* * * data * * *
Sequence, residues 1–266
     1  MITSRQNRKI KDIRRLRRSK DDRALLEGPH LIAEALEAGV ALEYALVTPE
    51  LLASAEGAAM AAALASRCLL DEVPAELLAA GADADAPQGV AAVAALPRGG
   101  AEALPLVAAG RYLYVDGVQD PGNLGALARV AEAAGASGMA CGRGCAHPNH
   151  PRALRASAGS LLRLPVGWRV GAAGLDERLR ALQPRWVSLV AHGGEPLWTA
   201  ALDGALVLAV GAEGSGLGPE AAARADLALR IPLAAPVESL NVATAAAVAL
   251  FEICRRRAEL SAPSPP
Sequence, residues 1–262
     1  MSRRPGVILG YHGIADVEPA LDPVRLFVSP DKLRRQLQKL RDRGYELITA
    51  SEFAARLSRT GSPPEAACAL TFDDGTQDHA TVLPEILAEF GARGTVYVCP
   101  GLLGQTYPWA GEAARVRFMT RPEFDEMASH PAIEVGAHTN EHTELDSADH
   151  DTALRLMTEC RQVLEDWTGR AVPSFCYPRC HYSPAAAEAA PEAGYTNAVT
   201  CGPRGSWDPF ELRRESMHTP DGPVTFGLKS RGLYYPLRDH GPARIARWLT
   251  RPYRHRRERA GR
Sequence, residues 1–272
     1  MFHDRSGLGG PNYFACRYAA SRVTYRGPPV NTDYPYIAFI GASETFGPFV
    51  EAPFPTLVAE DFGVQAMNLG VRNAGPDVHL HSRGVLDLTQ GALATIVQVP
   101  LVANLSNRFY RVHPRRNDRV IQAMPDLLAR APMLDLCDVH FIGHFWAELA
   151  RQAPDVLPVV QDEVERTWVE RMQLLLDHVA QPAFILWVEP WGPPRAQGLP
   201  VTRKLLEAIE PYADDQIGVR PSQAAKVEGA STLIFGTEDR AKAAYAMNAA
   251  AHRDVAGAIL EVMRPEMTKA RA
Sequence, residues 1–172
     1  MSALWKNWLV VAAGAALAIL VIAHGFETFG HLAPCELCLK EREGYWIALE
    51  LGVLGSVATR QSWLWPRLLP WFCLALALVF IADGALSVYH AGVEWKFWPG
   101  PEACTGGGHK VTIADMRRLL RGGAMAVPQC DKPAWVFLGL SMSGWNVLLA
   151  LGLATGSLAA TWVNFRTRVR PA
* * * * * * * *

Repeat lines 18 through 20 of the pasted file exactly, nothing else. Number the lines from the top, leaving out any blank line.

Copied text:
   101  LVANLSNRFY RVHPRRNDRV IQAMPDLLAR APMLDLCDVH FIGHFWAELA
   151  RQAPDVLPVV QDEVERTWVE RMQLLLDHVA QPAFILWVEP WGPPRAQGLP
   201  VTRKLLEAIE PYADDQIGVR PSQAAKVEGA STLIFGTEDR AKAAYAMNAA